"Well known for its attainments in the commercial film field, the T. W. Willard Motion Picture Company sets a new high in its publicity productions with Follow the Plow. To technical excellence they have added sound sequencing; into a record of vocational education, they have instilled beauty and human interest. The subject matter concerns the training given to selected city boys in the fundamentals of farming at the Bowdoin Farm, operated by the Children's Aid Society of New York City. Tracing the course of these boys from the sidewalks and streets to the fields, at New Hamburg, N. Y., the location of the farm, the film expands with the glorious color of the autumn country and becomes a living essay of the pleasures of farm life. Constantly changing angles and intelligent titling lend pace to the production. Despite the limited interest in the specific subject of plows and cows, the appeal is made universal through magnificent color scenes and competent treatment." Movie Makers, Dec. 1938, 618.
"Two part edited travelogue taking place in the Hudson Valley area. Part one begins at Coney Island, and then takes viewers through New York City before heading to places such as West Point and Poughkeepsie where cough drops are being made. Part two Includes much footage on Hudson river, the process of manufacturing wallpaper at Imperial Color and a visit to the North Pole theme park." Chicago Film Archives.
"An eye for topical touches and a persistence that would shame the most aggressive news cameraman are responsible for Terry Manos's success in recording the V-E Day activities in New York City. Without the aid of a telephoto lens and balked at every turn by finicking guards, Mr. Manos's camera nevertheless caught the full flavor of the celebration in Times Square as well as some amazingly sharp studies of the personalities who participated in the program at Central Park. For ignoring the theoretical limitations often ascribed to the 8mm. camera and producing a well knit movie of a great historical event, praise is due to an enterprising amateur." Movie Makers, Dec. 1946, 488.
"By a facile blending of warm hearted humor and a keen perception of human interest values, George Mesaros has created a film study of a famous beach in New York's metropolitan area that is replete with interest, information and entertainment. His technical skill and knowledge of what makes a motion picture move prevent this from being the dull collection of random shots all too frequently characteristic of this genre subject. Employing himself as a frenzied and frustrated shutterbug and a filming friend as plain Joe Doakes at the beach with his wife, a lunch and box camera, Mr. Mesaros proceeds to examine with interest and obvious affection the thousand and one attractions of the Long Island resort. An excellent musical score and a brief commentary help to integrate the compact 700 feet of the film's lively length." Movie Makers, Dec. 1949, 454.
"Land of My Dreams, Joseph J. Harley, ACL, will tell you, is a simple record of fun and friends. As such, it is an attractive piece of Kodachrome, colorful in its camera work, leisurely in its pace (400 feet, 8mm.) and frankly sentimental in its outlook. Lake Saranac and the Harley summer cottage comprise the land of Joe Harley 's dreams, although his myriad friends of ten years' standing play a large part in that Elysium. You see them throughout the film, going about their fishing and boating, picnics and swimming with an infectious zest and good humor. The record is climaxed with a detailed presentation of a grand communal party, at which each of the guests is required to put on some sort of skit or bit of entertainment." Movie Makers, June 1944, 246.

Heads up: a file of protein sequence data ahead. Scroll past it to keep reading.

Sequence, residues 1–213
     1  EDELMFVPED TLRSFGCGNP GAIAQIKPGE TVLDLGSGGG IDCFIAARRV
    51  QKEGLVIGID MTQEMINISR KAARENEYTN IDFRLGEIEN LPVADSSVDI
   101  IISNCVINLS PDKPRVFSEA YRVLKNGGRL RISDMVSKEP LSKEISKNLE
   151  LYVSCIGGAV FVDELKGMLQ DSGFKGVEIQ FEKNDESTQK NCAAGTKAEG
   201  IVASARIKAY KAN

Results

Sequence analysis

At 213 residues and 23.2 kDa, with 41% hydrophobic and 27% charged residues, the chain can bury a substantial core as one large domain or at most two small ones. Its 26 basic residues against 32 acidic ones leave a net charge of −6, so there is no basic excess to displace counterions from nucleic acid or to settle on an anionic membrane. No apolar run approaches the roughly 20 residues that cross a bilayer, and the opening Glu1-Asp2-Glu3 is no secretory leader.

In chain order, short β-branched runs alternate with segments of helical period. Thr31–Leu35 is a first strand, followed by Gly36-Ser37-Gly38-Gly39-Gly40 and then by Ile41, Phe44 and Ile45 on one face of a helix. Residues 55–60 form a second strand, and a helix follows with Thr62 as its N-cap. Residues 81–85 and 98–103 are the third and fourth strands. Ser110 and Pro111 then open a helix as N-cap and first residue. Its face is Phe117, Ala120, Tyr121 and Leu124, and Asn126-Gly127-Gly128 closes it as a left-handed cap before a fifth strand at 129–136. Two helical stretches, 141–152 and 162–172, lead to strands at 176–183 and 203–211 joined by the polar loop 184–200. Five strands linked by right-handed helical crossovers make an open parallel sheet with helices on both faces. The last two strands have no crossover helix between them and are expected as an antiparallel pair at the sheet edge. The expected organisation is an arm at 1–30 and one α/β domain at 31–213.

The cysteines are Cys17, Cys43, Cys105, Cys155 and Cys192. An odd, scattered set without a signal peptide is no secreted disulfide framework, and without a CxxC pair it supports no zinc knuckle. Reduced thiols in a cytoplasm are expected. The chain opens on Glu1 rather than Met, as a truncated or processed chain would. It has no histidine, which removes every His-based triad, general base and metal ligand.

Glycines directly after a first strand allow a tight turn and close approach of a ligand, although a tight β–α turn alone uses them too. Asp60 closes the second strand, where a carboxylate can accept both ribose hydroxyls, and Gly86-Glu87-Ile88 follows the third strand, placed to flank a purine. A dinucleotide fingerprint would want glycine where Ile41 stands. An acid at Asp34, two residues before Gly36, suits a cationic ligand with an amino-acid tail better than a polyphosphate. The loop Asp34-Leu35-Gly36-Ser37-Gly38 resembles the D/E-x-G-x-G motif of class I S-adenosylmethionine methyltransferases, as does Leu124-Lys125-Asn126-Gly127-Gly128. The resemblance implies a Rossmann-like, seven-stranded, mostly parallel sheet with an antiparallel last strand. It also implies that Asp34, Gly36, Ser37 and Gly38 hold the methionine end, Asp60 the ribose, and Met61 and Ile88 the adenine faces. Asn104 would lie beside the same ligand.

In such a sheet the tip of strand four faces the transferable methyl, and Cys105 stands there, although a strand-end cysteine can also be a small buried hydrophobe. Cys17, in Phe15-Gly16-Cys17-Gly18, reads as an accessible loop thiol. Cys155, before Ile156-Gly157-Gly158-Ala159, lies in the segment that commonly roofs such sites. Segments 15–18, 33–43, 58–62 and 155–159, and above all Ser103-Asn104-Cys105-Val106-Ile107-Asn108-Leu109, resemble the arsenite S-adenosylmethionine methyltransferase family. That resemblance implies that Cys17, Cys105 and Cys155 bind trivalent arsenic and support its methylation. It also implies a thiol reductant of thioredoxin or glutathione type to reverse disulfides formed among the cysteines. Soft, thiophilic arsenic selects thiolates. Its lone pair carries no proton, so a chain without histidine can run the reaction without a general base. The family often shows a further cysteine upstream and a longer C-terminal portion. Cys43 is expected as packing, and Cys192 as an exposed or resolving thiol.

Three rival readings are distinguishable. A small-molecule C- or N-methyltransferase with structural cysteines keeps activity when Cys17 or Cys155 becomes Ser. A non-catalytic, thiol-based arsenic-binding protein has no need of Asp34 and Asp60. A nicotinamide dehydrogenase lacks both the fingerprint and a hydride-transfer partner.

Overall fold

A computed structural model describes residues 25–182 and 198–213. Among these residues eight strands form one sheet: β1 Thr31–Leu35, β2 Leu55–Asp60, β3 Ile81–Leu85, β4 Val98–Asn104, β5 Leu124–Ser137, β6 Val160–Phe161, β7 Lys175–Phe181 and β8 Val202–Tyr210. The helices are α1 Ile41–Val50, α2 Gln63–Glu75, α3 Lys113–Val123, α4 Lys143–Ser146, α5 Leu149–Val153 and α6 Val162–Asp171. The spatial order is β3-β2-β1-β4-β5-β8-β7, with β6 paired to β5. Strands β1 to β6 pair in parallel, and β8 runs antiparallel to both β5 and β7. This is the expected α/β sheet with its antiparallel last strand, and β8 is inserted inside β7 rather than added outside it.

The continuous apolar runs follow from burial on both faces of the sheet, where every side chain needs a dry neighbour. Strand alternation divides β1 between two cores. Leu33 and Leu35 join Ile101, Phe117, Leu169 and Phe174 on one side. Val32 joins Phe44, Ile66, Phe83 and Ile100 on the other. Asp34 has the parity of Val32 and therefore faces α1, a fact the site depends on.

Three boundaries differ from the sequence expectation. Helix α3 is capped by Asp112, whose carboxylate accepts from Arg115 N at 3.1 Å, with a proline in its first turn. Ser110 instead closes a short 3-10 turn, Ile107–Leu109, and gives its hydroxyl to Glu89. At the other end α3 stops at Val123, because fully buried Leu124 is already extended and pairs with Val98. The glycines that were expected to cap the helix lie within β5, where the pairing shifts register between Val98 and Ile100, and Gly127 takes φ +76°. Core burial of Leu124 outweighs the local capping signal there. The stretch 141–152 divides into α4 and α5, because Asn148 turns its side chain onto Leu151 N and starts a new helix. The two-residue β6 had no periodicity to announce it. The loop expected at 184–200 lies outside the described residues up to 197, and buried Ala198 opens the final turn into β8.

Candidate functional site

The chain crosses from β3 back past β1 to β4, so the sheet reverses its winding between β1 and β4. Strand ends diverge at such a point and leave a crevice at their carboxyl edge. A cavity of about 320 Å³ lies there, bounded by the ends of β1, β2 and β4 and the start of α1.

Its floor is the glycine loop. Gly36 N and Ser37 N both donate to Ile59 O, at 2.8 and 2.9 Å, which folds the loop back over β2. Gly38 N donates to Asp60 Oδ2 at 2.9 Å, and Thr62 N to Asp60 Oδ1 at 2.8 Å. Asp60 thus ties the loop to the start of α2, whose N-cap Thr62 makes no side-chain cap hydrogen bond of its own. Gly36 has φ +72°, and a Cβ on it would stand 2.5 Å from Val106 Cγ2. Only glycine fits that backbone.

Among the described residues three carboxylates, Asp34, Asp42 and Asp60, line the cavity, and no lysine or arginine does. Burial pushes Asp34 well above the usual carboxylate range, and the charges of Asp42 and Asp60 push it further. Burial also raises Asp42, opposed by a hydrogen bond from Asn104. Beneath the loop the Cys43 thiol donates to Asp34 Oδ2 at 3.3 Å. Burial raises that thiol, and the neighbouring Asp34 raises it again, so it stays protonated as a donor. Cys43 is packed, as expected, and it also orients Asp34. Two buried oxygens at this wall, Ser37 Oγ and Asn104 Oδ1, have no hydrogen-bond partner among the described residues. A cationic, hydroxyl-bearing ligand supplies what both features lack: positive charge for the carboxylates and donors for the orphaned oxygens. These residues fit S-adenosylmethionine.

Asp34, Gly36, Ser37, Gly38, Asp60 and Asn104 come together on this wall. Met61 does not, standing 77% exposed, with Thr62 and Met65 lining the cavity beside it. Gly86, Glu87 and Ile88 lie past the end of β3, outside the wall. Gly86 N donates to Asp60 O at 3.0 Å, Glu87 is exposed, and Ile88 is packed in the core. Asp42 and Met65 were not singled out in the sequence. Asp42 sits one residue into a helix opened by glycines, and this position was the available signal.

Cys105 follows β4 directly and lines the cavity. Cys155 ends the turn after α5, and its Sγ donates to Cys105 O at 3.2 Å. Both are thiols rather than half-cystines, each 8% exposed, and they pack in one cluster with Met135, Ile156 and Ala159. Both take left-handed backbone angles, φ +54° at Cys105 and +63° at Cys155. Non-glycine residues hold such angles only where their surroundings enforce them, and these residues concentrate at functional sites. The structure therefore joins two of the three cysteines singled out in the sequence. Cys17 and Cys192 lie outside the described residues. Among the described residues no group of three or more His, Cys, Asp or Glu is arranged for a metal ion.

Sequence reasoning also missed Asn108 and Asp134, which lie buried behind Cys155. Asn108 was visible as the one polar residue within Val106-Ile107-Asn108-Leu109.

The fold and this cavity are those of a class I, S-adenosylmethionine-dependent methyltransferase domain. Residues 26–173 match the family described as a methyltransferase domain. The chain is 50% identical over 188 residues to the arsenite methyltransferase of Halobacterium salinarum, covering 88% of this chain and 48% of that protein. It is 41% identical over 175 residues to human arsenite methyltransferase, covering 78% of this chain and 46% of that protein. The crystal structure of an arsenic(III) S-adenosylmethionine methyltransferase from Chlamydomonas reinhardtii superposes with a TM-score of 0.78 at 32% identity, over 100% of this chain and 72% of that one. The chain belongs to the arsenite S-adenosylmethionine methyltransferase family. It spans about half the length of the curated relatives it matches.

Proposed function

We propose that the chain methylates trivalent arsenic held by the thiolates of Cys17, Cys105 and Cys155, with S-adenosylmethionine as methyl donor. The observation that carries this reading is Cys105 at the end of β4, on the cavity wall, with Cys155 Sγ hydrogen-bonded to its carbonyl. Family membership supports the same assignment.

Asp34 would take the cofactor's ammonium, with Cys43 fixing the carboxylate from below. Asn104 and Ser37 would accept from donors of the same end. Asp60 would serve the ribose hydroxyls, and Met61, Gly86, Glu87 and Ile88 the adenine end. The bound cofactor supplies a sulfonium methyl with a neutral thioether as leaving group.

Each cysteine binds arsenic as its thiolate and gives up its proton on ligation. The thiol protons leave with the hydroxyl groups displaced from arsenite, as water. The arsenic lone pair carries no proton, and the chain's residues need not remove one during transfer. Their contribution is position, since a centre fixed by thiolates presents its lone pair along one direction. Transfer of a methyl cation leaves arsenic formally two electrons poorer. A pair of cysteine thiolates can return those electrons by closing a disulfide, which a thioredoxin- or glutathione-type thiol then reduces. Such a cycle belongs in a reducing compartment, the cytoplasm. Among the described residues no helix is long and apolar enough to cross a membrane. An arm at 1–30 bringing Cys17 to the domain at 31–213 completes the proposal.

Note of warning: the "communal party" referenced in the description above includes a performance in blackface.
"A visit in New York City but mostly in the spirit of its night life although we do see some of its people and sun-bathed architecture, all to the beat and narration of a Decca recording. The source of the picture material appears to be from magazines and other printed picture sources including some live (but static) posing. The use of camera movement and lens zooming conveys a feeling of motion and activity for an enjoyable visit in New York" PSA Journal, Oct. 1962, 35
"The film, titled 'Memories of the New York World's Fair' by filmmaker Frank J. Pezzano documents the 1939-1940 New York World's Fair. Pezzano edited the film and included hand-drawn and typed intertitles identifying the various locations and activities he filmed." Archives Center, National Museum of American History.
"This film records, in the informal style of a home movie, some of a young chimpanzee's (Pan troglodytes) activities while raised in the Ravens' home. She plays with a hose, joins in games with the Raven children, manipulates tools, encounters snakes and mice, writes with a pencil, eats with a spoon, rides a tricycle, and feeds a human infant." University of Wisconsin-Madison Libraries.
"Begins with a close-up intro of the Davis's in a small boat. One of the girls falls overboard and is saved. A woman drops her jewels overboard. Family disembarks. Finds a clue on a piece of paper. The Family sets out in boat with shovels, saws, axes, etc. Quarrel with another family. Find a deed." oldfilm.org
"Northwoods Adventures is a plumply constructed and neatly tied half-hour package of travel through the Adirondack area. Evident in it are the well known technical skills, the smooth sequencing and the attractive titles which mark all the movies of Frank E. Gunnell. But the picture seems a package, nevertheless — and a package for a purpose. One gets the impression that the producer, as he edited, had his eye on the guest-lecturer's clock at a luncheon club meeting — rather than on the crisp continuities of movie making per se." Movie Makers, Dec. 1951, 412.
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